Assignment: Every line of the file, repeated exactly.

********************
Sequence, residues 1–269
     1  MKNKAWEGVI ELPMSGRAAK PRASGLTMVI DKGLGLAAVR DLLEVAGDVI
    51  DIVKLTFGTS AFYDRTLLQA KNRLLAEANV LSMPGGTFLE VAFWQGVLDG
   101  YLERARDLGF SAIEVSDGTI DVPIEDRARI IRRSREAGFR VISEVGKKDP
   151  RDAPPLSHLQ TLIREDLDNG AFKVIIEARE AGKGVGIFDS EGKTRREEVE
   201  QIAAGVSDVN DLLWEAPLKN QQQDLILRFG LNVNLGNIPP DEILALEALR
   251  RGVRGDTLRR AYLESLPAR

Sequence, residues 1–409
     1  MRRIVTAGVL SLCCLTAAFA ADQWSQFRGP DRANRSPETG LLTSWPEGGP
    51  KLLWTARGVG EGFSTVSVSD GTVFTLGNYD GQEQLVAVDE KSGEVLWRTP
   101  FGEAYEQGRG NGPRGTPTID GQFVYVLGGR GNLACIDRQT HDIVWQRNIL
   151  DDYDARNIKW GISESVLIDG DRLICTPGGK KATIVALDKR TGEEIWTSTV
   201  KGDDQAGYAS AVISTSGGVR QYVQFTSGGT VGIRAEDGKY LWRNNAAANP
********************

Sequence, residues 1–269
     1  MKNKAWEGVI ELPMSGRAAK PRASGLTMVI DKGLGLAAVR DLLEVAGDVI
    51  DIVKLTFGTS AFYDRTLLQA KNRLLAEANV LSMPGGTFLE VAFWQGVLDG
   101  YLERARDLGF SAIEVSDGTI DVPIEDRARI IRRSREAGFR VISEVGKKDP
   151  RDAPPLSHLQ TLIREDLDNG AFKVIIEARE AGKGVGIFDS EGKTRREEVE
   201  QIAAGVSDVN DLLWEAPLKN QQQDLILRFG LNVNLGNIPP DEILALEALR
   251  RGVRGDTLRR AYLESLPAR

Sequence, residues 1–409
     1  MRRIVTAGVL SLCCLTAAFA ADQWSQFRGP DRANRSPETG LLTSWPEGGP
    51  KLLWTARGVG EGFSTVSVSD GTVFTLGNYD GQEQLVAVDE KSGEVLWRTP
   101  FGEAYEQGRG NGPRGTPTID GQFVYVLGGR GNLACIDRQT HDIVWQRNIL
   151  DDYDARNIKW GISESVLIDG DRLICTPGGK KATIVALDKR TGEEIWTSTV
   201  KGDDQAGYAS AVISTSGGVR QYVQFTSGGT VGIRAEDGKY LWRNNAAANP